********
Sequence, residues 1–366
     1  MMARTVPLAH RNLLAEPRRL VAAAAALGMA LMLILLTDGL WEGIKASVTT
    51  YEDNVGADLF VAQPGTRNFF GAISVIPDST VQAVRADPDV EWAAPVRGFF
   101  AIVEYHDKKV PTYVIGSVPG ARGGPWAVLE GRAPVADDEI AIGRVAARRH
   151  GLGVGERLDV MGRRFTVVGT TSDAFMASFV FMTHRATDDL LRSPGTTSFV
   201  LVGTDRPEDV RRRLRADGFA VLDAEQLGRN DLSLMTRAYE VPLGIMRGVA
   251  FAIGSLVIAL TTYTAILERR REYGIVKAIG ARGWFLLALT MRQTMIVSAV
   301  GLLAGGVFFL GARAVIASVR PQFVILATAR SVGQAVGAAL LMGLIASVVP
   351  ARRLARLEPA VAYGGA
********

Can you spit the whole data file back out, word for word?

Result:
Sequence, residues 1–366
     1  MMARTVPLAH RNLLAEPRRL VAAAAALGMA LMLILLTDGL WEGIKASVTT
    51  YEDNVGADLF VAQPGTRNFF GAISVIPDST VQAVRADPDV EWAAPVRGFF
   101  AIVEYHDKKV PTYVIGSVPG ARGGPWAVLE GRAPVADDEI AIGRVAARRH
   151  GLGVGERLDV MGRRFTVVGT TSDAFMASFV FMTHRATDDL LRSPGTTSFV
   201  LVGTDRPEDV RRRLRADGFA VLDAEQLGRN DLSLMTRAYE VPLGIMRGVA
   251  FAIGSLVIAL TTYTAILERR REYGIVKAIG ARGWFLLALT MRQTMIVSAV
   301  GLLAGGVFFL GARAVIASVR PQFVILATAR SVGQAVGAAL LMGLIASVVP
   351  ARRLARLEPA VAYGGA